I need to paint to try to express things I certainly can’t put in words, things that awe and mystify me. I need to paint to have a means to a voice to make the universe aware that I exist.

I need to paint just to remind myself that I am alive and still have the ability to feel the excitement and joy from something that I have created. I need to paint to feel the surprise of exceeding what I felt was within me, to go into that realm of personal mystery within and emerge with something new. I need to paint because it has given me the closest thing I know to answers to the questions I have.

I need to paint because it is one of the few things that I’ve done fairly well in my life.

Would I die?

Nah…

I’d adapt and find something new but it would be hard to find something that would suit me as well. So I guess I do need to paint after all. Call me a pompous ass. I don’t give a damn- I’ve got work to do.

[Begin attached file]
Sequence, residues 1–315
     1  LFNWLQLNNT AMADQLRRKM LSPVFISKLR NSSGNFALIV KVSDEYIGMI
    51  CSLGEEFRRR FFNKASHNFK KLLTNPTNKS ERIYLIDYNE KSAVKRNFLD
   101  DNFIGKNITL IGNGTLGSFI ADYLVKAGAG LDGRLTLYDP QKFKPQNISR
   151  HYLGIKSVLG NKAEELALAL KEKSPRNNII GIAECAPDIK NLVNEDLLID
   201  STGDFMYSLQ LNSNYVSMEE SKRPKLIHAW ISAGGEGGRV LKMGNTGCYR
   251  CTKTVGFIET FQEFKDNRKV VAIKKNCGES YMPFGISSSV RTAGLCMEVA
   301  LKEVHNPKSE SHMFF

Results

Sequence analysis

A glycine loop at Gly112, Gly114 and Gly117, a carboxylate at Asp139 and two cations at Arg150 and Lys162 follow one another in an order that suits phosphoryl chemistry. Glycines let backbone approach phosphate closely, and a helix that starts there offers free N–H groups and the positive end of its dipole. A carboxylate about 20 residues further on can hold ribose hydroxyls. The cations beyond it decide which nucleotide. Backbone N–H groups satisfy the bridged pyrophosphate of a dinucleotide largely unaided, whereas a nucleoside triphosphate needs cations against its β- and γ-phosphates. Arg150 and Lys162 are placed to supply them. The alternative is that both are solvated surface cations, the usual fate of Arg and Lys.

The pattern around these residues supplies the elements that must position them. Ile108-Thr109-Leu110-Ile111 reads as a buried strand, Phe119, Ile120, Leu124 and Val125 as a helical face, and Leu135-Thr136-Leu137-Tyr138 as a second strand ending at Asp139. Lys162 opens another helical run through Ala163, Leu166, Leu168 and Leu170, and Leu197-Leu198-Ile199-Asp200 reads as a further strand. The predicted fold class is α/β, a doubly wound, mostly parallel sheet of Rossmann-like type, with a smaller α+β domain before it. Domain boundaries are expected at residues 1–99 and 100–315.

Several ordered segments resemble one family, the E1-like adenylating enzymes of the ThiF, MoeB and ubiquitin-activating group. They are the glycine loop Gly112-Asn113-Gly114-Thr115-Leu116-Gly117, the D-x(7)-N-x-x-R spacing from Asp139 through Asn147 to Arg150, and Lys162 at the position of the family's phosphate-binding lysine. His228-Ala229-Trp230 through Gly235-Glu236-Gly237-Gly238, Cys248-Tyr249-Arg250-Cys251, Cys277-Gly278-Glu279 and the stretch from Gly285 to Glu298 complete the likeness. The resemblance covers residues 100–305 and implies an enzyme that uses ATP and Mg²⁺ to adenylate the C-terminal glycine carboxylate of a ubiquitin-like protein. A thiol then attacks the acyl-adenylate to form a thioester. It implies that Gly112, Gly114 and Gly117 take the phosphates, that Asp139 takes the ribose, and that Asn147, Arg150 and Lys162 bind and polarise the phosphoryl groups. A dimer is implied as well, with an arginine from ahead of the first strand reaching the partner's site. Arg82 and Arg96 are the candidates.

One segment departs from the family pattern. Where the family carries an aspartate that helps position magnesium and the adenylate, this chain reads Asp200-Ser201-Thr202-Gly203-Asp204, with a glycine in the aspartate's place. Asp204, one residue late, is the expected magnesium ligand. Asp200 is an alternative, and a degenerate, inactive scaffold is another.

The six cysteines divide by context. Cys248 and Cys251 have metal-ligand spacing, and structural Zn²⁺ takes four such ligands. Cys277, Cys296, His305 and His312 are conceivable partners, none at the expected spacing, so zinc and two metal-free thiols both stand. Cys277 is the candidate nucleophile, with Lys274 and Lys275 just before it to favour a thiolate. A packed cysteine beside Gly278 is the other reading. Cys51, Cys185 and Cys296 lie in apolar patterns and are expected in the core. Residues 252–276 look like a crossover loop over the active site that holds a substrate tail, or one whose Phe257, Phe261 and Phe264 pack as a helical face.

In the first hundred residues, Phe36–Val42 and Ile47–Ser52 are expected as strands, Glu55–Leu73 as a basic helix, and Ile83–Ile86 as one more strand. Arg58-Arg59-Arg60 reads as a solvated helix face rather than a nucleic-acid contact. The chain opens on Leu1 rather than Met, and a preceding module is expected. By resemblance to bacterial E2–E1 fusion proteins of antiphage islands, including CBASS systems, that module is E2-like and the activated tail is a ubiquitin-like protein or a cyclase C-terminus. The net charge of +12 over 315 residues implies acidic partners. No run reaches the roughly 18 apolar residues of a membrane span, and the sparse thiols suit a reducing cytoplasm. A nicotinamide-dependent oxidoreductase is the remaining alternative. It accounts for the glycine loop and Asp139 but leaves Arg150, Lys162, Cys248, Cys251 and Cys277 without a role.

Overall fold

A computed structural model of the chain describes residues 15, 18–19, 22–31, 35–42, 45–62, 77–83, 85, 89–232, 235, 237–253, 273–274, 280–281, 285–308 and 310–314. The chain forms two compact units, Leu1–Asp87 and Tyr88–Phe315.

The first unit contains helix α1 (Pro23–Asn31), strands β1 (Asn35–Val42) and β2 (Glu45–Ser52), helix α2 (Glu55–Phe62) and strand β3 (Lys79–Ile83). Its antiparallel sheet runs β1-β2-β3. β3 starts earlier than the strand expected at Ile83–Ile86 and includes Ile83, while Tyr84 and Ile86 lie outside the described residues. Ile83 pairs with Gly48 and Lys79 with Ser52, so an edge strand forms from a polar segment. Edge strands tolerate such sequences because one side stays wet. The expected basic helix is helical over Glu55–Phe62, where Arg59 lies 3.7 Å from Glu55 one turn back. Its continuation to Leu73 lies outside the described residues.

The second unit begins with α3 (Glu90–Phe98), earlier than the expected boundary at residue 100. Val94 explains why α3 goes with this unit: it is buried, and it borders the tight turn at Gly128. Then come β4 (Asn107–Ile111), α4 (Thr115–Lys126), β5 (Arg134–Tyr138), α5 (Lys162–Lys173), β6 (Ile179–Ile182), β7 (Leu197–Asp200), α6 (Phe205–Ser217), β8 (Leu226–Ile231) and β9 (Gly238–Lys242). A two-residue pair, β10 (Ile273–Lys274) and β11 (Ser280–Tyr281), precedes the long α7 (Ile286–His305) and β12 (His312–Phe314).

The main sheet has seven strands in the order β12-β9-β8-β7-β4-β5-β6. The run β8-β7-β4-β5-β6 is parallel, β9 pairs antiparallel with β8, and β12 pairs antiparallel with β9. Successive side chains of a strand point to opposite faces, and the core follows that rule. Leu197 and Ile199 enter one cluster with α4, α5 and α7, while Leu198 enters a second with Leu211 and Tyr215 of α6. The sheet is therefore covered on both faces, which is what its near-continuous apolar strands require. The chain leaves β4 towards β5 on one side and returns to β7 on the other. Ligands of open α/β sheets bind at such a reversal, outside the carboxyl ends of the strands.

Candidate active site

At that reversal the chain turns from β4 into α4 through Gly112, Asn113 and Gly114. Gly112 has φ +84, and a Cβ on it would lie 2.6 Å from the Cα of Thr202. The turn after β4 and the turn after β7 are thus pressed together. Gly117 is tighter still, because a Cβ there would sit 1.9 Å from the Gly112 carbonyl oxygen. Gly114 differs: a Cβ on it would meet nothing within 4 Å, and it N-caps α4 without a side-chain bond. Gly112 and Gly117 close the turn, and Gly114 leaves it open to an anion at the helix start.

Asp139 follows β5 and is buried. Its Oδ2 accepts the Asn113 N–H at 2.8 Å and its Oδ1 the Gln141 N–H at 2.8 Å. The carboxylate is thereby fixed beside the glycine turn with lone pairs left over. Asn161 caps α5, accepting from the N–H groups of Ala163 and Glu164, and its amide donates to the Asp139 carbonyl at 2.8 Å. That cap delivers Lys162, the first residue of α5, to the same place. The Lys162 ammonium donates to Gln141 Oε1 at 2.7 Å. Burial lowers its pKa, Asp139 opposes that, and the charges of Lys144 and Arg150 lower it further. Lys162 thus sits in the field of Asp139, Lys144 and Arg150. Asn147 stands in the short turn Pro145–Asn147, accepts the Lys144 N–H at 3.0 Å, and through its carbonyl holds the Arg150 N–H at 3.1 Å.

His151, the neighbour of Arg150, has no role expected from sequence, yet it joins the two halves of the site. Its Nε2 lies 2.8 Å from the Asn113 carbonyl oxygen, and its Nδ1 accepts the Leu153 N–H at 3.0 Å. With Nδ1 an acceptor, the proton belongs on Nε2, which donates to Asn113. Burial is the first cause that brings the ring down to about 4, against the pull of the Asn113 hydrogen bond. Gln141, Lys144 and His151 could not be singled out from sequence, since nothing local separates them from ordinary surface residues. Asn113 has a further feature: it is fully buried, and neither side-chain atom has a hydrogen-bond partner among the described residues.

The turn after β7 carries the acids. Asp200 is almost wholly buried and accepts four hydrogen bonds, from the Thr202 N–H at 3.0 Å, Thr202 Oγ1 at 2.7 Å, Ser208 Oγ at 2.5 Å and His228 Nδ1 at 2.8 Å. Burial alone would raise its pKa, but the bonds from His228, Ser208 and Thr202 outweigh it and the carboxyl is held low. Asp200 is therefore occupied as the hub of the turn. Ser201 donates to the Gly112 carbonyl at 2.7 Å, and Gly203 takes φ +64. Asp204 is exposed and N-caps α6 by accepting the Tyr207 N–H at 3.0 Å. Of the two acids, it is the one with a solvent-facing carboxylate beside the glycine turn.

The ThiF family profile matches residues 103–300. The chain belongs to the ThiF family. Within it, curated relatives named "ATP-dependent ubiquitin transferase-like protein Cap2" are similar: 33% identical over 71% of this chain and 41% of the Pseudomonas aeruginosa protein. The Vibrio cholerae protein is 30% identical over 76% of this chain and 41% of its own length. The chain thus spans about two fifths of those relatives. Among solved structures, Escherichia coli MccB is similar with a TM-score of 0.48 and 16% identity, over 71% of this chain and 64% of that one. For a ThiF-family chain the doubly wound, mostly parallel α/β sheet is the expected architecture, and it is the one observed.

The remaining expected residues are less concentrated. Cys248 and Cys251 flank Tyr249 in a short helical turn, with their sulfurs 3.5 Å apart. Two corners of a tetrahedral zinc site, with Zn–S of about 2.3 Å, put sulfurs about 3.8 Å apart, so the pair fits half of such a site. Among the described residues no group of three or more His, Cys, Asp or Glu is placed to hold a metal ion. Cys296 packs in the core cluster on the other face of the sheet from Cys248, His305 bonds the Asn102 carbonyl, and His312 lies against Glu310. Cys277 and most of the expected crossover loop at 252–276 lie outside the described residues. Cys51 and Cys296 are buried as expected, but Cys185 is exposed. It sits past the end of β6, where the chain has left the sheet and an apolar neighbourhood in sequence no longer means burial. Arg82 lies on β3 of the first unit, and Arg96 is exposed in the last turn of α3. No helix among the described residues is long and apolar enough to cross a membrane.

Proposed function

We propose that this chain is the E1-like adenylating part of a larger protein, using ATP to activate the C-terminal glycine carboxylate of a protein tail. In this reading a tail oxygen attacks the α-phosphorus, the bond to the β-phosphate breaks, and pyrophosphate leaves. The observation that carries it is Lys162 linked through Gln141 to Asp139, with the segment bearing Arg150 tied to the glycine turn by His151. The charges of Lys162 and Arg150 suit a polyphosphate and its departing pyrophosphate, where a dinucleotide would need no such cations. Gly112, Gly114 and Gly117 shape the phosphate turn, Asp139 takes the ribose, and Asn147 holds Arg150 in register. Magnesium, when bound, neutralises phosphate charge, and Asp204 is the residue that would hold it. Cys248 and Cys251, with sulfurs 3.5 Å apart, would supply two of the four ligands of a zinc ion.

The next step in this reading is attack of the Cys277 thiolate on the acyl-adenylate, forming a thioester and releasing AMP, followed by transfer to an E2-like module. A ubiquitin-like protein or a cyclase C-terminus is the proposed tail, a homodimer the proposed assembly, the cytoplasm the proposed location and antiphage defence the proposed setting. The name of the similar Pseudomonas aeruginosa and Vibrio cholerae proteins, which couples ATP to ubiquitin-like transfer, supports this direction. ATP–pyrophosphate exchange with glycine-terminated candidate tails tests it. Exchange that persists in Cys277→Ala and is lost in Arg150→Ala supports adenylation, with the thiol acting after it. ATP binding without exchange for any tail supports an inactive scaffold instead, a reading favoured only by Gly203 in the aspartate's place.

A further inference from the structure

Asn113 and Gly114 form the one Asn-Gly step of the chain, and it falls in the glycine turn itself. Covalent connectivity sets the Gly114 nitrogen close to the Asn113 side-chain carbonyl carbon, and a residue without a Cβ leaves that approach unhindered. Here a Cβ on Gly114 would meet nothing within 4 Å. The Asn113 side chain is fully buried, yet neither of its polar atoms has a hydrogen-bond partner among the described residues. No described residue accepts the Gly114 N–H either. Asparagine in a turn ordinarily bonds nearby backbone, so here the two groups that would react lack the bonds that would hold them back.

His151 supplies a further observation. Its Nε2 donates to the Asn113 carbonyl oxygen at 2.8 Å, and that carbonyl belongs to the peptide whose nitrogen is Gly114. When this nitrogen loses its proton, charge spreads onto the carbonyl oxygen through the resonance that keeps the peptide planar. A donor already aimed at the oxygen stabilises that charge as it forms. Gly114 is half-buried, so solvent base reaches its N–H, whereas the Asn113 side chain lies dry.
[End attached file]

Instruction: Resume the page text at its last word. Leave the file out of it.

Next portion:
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GC Myers- Deep Focus  Reading about Carmen Herrera, the artist I featured here yesterday who was “found” at age 89 and is still actively painting at 100, brought some thoughts about the idea of retiring to mind.  While it’s not something that I dwell on, I am at that age when one begins to think about such things.  In the last year or so,  at different times I have been asked by a couple of friends who are not artists, one who is my age and is retired, if I was thinking about retiring.

The question kind of surprised me each time I was asked.  I mean, I know that it’s a possibility and I do the things that one should do when planning for retirement in a financial sense.  But being asked about it caught me off guard.

But giving it some thought made me realize that retirement was not the end point I was shooting for in my life.  In fact, I can’t imagine ever retiring from what I do.  How could I put aside that thing that has given me purpose, that thing that connects me to this world and gives me expression?  Why would I stop searching for answers to  questions I haven’t even asked yet?